The consumer price index in the United States rose 16% year over year in the third quarter. However, domestic demand for milk solids only increased 1% over the same period, while exports soared 6.2%, a 2% gain from last quarter.

In the United States, demand was slightly lower due to high retail prices. For example, the USDA Milk Report found that consumers were buying less butter at the start of the holiday season than they usually would because butter is expensive. But, globally, with cost of living challenges, US consumers have been more defiant than European consumers, who are feeling a retail pinch. There has also been resilience in the Southeast Asian market, but consumers are buying smaller volumes like the US consumer.

As holiday shopping wanes, cheese and butter markets will find a new equilibrium with 2023 prices. In the United States, cheese and butter inventories are not heavy. End-users are encouraged by analysts to hit the market for a bargain, as market opportunities can be elusive in these competitive global dairy markets.

Cheese still rules.

Cheese exports in the first quarter of the year were up 17% year-on-year. However, rising prices dampened export growth in the third quarter to nearly 4.2% year-on-year. US trade with Mexico, one of its top dairy trading partners, increased 17% along with South Korea, with a 10% year-over-year increase in imports in the third trimester.

In November, the National Federation of Milk Producers announced that several member cooperatives had obtained 50 contracts. These contracts add 6.2 million pounds of American-style cheeses, 348,000 pounds of whole milk powder and 1.2 million pounds of cream cheese to CWT-assisted sales by the end of this year. These stocks will go to customers in Asia, Central America, the Caribbean, the Middle East-North Africa, Oceania and South America and will be shipped from November to May 2023.

Exports of skimmed milk powder and skimmed milk powder totaled about 620,380 tons, down 9% annually. However, on a positive note, third quarter exports to Mexico, at 90,583 metric tons, exceeded those of 2021 by 1.8%, representing the first quarter of 2022 with an increase in sales to Mexico of one year to the next.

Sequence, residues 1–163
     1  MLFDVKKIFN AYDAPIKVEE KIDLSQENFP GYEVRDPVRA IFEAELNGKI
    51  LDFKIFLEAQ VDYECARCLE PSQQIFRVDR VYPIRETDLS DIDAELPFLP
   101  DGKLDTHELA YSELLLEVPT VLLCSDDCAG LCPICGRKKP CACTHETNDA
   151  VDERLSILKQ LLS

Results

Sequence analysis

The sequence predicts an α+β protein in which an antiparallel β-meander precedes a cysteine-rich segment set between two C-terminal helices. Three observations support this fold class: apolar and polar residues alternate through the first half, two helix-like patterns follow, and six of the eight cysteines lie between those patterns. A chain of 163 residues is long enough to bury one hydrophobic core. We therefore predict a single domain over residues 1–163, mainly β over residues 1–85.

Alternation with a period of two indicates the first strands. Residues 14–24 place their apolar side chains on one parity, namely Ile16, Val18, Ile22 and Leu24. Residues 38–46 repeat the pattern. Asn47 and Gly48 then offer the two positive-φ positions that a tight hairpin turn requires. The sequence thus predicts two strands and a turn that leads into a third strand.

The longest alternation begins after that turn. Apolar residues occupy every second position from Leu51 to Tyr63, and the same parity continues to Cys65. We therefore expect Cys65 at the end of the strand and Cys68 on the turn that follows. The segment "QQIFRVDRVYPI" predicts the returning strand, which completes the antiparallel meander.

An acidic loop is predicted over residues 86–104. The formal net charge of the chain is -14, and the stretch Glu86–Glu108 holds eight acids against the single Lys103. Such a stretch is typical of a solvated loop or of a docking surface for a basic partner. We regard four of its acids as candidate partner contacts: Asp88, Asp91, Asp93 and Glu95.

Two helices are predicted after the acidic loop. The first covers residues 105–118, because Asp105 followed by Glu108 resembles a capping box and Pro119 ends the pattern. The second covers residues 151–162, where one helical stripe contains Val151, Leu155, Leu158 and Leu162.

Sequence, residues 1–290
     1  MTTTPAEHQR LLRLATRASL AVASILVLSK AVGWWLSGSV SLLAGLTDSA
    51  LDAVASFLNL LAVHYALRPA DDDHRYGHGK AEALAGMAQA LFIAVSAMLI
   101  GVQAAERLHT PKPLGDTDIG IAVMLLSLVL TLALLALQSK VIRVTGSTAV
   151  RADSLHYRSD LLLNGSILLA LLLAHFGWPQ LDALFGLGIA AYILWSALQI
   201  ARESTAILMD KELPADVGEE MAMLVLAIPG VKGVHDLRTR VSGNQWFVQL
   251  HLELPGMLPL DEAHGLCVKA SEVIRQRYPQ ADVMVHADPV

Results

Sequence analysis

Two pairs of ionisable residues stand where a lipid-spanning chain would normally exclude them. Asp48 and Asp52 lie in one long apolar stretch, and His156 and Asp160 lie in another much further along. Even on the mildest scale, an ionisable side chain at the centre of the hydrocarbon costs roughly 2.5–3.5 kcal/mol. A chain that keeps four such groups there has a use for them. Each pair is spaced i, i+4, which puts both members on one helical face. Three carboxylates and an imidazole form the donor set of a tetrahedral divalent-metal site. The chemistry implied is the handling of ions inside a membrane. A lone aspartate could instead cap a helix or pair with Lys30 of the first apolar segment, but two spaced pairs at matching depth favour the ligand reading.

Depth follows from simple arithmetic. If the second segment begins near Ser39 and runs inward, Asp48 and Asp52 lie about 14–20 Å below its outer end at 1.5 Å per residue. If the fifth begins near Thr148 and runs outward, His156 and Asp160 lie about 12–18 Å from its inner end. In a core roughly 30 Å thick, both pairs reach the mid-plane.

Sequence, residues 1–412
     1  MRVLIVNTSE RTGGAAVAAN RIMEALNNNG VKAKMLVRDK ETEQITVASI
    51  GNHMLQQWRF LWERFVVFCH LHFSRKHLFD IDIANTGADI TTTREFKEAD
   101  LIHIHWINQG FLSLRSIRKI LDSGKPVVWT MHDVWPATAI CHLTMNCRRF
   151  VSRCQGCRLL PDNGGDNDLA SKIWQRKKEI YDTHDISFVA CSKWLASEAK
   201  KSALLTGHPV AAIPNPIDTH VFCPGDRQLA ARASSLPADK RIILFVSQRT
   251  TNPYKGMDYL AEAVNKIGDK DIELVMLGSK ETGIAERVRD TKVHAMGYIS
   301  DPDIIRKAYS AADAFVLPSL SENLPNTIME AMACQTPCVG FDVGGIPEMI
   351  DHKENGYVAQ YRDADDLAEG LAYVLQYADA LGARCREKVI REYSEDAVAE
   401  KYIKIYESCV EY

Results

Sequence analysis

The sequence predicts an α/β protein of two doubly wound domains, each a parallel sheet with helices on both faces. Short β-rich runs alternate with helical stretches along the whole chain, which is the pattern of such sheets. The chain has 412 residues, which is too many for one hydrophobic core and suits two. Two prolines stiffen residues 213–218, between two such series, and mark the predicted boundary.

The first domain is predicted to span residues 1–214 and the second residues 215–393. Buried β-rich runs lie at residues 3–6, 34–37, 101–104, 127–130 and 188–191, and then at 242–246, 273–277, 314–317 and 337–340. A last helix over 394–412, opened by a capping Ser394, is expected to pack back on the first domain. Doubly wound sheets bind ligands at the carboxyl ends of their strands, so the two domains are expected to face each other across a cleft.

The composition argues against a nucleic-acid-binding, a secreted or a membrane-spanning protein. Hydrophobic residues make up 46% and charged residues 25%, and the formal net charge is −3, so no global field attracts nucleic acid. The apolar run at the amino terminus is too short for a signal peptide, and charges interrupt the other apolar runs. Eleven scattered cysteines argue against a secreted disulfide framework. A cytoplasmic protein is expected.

Exports of dry whey averaged about 163,280 metric tons from the third to fourth quarters, down 6% from 2021. Experts say the cause is mainly due to a 30% drop in sales to China, which accounts for approximately 45% of sales. US dry exports.

More purchases for US food aid.

The USDA could prepare to use about $1 billion to purchase food for food banks, with an additional $500,000 to expand local procurement or purchase programs and an additional $500,000 to purchase food for educational institution breakfast and meal programs. Additionally, experts are still determining how much dairy the government plans to purchase in 2023. This is known to result in more government purchases, not less, which will support fluid milk, cheese and butter markets. .

Class IV milk prices will remain high in the new year for producers.

In the United States, Class IV milk prices are expected to maintain a slight premium above Class III prices through 2023 due to high butter prices. Abundant supplies of cheese and dry whey will cap the price of class three milk. Experts predict Class III will see a 23 cent rise this month from November and is expected to fall into the mid-20s by January and trade lower in February.

Class III is at 20.30 cents per hundredweight, which averages about 2.5 cents more than $17.60, the five-year moving average. With Class IV, it was $23.35, but it is only expected to drop by $2.75, or $20.60 in February 2023. Experts also predict that the 12-month future price of Class IV is expected to be about 20.95 cents per quintal, or 4.32 cents. a quintal, more than $16.63, the five-year moving average.

To read Rabobank’s full report, click here.